Spectacular plays, like “greatest route ever”, are recognized as they happen. However, many of the most important plays in NFL games are not spectacular; they appear routine, the result of practice, technique, and teamwork. Brandon LaFell’s touchdown catch against the Denver Broncos doesn’t look spectacular ‒ until you review the film.
Following Brandon Browner’s interception and 30-yard return to the Denver 10-yard line, the New England Patriots offense took the field with a 16-point lead halfway through the 3rd quarter. Josh McDaniels, Tom Brady and company went straight for the jugular. The quarterback connected with wide receiver Brandon LaFell on a beautifully designed play for a touchdown, extending New England’s lead to 23 and erasing any notion of a Broncos’ comeback.
On 1st and goal Brady is in the shotgun and New England has 12 personnel on the field. To his left the QB has a trips formation with Tim Wright inside, Julian Edelman in the middle and LaFell split wide. Denver’s nickel defense is on the field showing Cover 1 in the secondary. T.J. Ward is the free safety on this occasion:
Off the snap all three receivers begin vertical routes. LaFell fights off the jam from rookie cornerback Bradley Roby and establishes crucial inside leverage:
Wright and Edelman continue vertically while LaFell cuts toward the middle on a slant route. The WR gains separation and maintains the throwing lane, keeping Roby behind him:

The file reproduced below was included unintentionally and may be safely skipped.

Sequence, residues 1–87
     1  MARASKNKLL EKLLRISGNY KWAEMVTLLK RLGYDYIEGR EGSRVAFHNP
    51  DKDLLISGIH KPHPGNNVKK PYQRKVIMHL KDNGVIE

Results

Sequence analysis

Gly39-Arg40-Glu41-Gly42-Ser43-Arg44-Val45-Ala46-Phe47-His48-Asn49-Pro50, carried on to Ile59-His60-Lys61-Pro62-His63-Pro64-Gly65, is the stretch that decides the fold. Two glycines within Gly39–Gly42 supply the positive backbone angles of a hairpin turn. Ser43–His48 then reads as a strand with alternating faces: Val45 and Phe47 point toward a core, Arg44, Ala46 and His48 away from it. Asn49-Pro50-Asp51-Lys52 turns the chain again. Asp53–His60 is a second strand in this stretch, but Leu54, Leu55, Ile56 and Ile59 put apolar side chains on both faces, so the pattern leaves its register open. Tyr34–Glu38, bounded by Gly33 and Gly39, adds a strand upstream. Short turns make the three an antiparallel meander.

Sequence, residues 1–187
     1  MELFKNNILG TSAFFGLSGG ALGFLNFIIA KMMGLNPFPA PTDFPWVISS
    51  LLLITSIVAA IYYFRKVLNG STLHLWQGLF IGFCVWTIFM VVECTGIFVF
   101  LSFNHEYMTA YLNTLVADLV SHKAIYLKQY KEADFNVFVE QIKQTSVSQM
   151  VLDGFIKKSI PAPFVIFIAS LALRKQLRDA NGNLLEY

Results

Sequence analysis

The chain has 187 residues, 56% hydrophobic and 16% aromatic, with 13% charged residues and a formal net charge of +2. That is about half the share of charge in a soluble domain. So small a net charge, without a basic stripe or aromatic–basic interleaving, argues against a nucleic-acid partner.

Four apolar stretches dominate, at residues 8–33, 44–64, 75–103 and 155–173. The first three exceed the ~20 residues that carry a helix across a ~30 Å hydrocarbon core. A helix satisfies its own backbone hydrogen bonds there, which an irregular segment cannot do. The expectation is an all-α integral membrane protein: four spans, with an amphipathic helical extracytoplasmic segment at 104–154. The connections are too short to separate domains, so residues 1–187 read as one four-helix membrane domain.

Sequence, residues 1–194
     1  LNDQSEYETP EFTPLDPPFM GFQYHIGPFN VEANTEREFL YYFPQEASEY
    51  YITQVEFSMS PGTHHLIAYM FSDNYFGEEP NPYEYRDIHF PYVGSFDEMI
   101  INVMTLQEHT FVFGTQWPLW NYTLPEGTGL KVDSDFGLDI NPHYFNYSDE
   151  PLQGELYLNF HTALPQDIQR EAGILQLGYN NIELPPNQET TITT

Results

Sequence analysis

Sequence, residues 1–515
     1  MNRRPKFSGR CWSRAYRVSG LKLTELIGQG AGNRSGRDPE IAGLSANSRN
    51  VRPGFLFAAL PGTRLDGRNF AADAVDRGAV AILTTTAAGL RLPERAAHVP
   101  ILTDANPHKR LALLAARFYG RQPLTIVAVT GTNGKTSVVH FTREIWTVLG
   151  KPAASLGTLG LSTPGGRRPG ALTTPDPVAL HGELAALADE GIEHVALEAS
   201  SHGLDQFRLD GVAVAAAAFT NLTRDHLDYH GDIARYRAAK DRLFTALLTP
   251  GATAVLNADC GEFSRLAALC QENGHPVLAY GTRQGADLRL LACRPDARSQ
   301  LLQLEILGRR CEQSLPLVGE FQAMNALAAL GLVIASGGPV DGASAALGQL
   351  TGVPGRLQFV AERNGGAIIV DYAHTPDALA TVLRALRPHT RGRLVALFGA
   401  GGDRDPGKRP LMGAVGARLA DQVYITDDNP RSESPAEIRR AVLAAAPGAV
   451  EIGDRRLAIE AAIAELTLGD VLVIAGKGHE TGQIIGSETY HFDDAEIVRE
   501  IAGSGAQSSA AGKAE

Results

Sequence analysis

Wright is swallowed up by the zone coverage. However, both Edelman and LaFell are open. Ward faces a difficult decision: Which route to jump? The frequently-targeted Edelman or LaFell? He makes his choice:
Ward closes on Edelman. Brady targets LaFell:
The above still shows the moment the WR secures the throw from his QB. Roby was beaten several steps ago when he allowed LaFell to get inside position. Ward is out of position, having committed to Edelman’s route. LaFell glides into the end zone for the touchdown:
This play is yet another example of how routes influence defenders. The vertical patterns from Edelman and Wright freeze Ward in the middle of the field. LaFell gains inside leverage on Roby without a fight. All that is left to execute a good throw, which Brady delivers.
For LaFell, it was sweet redemption on a day that saw him drop a number of early passes, including one in the end zone in the first quarter. A huge assist on this play comes from Edelman. His ability to find dangerous space influences Ward, who looks to the middle of the field for an extra few seconds. The resulting window is wide open for Brady and LaFell to complete the Patriots Offensive Play of the Week.
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